Predicting Water Levels - Weather
Weather Appendix to Steve Ettinger’s Capital Canoeing & Kayaking Whitewater Guide
1 Three Key Sites
2 River Predictions
3 Precipitation Forecasts
4 Fast Local Weather Predictions
5 Local Precipitation Gauges
6 Quick Access - including USGS Water Alerts
1. THREE KEY SITES: Steve Ettinger says: “I tend to rely on this site:
- The QPF: Quantitative Precipitation Forecast gives rainfall predictions for the next 5 days. [see para. 3, below] Then I keep tabs on the:
- Sterling Loop: NOAA Sterling Radar Loop It tells you how much rain has actually fallen during the current rainstorm. I line that up with my maps, and figure out which basins have gotten the most rain, etc.” [see para. 4.A, below]
- NOAA Rainfall Site: Advanced Hydrologic Prediction Service This site displays rainfall in the last 3, 6, 13, 24 hours – for details, see para 5, below.But if you like it complicated, try the following:
2. RIVER PREDICTIONS
This is only good for the Big Stuff - >200 sq mi. Works for the mid and lower Potomac, James, Shenandoah, Appomattox, Conococheague, Brandywine, Youghioheny, and Antietam. For the Potomac just below the dams at Barnum WV (Bloomington) and the Savage R, see the CoE's 3-day release schedules in the relevant Stream-Finder tables - #14, and #15. Add the two volumes. Or here: For Savage and Bloomington.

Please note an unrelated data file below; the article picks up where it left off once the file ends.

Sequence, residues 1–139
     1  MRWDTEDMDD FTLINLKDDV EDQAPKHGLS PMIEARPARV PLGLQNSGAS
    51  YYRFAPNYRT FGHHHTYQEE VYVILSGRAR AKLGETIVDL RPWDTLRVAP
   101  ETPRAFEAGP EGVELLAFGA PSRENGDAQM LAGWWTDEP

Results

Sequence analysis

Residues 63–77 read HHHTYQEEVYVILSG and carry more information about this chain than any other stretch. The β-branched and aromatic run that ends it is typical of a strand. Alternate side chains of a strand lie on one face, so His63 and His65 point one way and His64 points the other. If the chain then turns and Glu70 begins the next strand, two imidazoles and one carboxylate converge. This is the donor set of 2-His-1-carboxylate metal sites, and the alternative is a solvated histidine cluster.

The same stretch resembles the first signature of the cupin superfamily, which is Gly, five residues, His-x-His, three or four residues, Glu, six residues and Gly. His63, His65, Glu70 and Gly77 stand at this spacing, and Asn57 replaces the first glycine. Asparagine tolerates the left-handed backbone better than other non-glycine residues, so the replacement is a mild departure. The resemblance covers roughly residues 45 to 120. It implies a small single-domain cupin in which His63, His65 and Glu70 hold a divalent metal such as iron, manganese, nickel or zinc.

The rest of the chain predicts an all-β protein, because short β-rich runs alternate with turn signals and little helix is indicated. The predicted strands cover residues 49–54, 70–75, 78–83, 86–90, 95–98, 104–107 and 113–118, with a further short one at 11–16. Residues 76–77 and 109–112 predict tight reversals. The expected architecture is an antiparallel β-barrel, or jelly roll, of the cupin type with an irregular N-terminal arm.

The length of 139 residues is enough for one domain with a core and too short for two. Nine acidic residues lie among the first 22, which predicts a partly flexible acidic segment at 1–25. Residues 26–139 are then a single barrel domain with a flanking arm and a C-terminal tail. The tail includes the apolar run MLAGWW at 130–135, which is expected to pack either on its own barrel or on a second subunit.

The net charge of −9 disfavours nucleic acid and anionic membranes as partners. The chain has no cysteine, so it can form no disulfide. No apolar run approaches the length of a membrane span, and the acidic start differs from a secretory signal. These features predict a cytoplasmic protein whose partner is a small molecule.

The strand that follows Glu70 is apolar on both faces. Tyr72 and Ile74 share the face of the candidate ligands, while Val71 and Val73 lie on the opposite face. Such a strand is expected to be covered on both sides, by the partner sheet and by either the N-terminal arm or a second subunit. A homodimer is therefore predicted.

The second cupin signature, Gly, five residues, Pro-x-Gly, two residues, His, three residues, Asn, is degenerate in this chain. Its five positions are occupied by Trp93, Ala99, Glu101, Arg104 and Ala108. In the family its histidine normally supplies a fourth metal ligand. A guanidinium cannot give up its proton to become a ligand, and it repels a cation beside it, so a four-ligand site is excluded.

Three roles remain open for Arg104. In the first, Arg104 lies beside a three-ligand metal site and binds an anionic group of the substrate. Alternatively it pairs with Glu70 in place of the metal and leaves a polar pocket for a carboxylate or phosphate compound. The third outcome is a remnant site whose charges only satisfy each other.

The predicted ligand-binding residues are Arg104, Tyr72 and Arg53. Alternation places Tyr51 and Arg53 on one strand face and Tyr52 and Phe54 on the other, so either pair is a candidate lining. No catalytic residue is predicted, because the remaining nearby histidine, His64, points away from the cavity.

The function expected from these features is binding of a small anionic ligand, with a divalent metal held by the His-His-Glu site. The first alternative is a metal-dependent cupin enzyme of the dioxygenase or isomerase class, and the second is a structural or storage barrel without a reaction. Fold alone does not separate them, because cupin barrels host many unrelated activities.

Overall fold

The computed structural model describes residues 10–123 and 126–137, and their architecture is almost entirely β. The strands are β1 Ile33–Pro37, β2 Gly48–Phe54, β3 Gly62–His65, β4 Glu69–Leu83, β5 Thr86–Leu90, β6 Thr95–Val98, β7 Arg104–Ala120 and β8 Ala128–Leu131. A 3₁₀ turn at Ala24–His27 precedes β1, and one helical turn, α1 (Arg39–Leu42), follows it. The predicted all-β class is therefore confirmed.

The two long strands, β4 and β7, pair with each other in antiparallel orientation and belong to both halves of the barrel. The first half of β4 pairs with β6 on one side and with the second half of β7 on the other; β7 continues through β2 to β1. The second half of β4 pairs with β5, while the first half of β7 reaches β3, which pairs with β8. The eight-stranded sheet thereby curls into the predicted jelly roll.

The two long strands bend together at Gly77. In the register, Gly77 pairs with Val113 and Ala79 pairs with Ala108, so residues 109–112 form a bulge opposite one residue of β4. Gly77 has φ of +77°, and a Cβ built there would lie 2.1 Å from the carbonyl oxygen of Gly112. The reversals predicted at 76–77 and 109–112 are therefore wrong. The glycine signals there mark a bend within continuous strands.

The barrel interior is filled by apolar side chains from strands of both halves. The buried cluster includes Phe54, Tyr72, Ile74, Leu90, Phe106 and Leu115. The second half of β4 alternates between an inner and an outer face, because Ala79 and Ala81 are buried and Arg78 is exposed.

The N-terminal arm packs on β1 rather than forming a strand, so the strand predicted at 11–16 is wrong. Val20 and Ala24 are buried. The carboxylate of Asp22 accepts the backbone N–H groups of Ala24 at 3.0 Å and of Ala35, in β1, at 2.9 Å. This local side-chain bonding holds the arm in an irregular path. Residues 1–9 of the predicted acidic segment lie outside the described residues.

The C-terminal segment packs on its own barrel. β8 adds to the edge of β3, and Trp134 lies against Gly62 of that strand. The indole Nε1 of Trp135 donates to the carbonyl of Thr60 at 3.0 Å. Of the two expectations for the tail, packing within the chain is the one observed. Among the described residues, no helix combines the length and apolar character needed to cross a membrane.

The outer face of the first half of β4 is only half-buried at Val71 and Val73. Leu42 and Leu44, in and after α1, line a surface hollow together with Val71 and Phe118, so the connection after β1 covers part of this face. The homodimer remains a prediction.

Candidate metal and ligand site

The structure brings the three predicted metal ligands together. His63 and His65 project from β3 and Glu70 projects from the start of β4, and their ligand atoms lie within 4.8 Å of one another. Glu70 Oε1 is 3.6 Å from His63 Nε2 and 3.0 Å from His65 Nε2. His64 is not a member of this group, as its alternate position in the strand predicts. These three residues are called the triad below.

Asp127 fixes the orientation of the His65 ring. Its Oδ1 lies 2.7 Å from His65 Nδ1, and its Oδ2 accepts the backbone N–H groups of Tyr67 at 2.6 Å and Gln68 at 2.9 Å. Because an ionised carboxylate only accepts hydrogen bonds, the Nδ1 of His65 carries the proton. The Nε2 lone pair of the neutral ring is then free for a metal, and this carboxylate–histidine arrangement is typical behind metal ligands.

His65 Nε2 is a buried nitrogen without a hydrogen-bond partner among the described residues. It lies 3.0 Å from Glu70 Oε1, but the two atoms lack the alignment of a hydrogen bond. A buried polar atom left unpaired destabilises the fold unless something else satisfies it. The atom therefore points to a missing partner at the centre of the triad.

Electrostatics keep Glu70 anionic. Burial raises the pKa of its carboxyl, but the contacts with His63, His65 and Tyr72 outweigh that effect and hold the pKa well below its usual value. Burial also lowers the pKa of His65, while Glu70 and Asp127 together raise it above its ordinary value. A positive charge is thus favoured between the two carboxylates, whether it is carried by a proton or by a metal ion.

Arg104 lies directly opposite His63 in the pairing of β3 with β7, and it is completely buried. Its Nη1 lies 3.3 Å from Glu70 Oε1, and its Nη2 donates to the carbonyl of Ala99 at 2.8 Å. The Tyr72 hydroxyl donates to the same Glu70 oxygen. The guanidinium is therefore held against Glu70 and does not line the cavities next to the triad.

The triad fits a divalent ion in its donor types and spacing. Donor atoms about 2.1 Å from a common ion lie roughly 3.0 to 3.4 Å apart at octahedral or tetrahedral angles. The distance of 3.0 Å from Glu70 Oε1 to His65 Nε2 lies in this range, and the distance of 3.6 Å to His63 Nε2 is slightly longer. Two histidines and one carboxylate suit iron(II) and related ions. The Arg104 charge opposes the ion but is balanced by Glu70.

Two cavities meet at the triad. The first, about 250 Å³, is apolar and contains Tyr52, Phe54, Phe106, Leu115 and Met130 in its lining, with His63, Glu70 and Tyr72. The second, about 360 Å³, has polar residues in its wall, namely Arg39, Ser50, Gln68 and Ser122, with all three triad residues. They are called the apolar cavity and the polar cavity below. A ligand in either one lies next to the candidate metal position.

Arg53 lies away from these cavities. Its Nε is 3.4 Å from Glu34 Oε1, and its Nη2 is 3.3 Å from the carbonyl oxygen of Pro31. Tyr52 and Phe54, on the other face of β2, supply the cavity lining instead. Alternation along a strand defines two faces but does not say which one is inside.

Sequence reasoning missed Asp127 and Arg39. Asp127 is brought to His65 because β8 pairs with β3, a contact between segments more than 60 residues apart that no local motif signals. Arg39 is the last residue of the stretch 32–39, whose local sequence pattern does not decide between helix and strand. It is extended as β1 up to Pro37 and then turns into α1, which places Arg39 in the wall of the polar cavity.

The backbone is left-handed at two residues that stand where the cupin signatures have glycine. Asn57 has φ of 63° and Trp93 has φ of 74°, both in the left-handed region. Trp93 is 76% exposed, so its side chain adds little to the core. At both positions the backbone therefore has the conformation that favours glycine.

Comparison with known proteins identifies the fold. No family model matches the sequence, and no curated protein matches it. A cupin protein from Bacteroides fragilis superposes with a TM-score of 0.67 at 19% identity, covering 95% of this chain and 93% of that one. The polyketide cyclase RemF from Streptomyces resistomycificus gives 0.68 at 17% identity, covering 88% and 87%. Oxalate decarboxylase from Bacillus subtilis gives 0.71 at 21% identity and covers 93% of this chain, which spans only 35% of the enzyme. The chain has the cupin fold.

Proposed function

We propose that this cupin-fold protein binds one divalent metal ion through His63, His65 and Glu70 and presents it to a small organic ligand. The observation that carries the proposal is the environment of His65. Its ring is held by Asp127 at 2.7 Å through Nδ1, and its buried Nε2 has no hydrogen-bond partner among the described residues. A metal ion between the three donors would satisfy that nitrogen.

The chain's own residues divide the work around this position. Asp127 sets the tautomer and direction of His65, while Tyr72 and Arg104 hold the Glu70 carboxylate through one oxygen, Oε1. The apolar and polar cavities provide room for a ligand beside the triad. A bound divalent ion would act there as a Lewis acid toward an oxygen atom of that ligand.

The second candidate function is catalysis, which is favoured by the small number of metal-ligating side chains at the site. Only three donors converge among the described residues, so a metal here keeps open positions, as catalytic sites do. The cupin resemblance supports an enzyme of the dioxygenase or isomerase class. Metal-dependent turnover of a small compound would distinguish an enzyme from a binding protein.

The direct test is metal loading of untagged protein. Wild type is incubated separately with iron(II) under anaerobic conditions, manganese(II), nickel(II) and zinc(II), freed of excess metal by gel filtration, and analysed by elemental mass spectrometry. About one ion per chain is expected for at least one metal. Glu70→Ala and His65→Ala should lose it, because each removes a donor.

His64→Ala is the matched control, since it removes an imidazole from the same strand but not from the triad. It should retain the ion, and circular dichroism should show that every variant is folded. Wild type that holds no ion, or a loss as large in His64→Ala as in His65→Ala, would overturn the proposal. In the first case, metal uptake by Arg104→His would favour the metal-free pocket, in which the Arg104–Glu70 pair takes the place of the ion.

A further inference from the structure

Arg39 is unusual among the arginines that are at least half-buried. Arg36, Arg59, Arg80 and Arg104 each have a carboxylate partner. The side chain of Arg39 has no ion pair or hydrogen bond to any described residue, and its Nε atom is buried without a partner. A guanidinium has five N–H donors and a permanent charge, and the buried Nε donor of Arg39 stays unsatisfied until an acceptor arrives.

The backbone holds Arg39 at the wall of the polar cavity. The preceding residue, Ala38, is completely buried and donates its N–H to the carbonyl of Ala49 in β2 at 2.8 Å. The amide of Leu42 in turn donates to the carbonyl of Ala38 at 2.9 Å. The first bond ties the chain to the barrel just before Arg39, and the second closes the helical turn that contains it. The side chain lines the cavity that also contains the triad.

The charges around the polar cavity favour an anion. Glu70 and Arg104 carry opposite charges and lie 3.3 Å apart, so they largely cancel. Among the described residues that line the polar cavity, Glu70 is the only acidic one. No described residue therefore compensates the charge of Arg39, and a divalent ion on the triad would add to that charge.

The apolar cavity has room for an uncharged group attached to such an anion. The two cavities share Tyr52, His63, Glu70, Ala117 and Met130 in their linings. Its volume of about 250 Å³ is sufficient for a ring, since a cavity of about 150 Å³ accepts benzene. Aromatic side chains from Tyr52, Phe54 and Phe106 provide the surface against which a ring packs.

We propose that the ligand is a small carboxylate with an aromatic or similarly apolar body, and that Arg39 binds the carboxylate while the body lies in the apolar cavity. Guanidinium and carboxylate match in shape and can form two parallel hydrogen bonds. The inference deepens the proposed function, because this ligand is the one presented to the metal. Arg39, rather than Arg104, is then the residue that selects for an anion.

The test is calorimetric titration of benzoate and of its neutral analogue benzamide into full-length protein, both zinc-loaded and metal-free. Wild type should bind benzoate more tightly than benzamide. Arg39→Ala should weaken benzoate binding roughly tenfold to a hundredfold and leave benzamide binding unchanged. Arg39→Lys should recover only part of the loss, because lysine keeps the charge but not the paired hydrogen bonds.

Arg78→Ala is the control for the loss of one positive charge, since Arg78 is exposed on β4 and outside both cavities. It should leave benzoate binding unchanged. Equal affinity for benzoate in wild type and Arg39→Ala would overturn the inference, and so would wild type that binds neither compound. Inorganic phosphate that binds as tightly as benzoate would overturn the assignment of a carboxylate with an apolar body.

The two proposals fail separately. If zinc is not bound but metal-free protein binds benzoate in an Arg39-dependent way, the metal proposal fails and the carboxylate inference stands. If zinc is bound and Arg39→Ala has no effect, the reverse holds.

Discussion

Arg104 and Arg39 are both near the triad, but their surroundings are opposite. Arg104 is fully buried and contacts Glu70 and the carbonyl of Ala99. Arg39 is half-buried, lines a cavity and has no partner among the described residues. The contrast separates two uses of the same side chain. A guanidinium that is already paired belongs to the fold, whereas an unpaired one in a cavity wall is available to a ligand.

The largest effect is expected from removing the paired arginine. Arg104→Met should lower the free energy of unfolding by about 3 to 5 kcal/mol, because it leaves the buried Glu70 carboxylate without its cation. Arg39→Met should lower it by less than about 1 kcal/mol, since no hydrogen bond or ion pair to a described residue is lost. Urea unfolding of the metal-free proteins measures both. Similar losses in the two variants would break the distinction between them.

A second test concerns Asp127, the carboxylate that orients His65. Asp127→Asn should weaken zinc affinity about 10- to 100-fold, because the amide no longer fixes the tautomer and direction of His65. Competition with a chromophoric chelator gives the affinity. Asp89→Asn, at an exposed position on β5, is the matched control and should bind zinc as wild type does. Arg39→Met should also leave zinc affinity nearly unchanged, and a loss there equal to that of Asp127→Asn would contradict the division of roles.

The easiest source is the USGS state polka-dot maps measuring current streamflow. Open the Stream-Finder to the Whitewater Gauge Tables and open one. Click on the blue state name above the actual chart: Here are the links to copy and paste:
Maryland - USGS WaterWatch - Maryland
Virginia - USGS WaterWatch - Virginia
West Virginia - USGS WaterWatch - West Virginia
Pennsylvania - USGS WaterWatch - Pennsylvania
Then click on a gauge on your (big) river. On the ensuing pop-up's top bar, choose "Forecast." Click anywhere on the tri-color chart to enlarge it. For a forecast in feet & volume (cfs) put the stylus on the relevant square point on the right side of the chart. Click on it to get a detailed table., Note that all readings are in UTC = GMT = Standard [not DST = daylight time, for which you must add one hour.]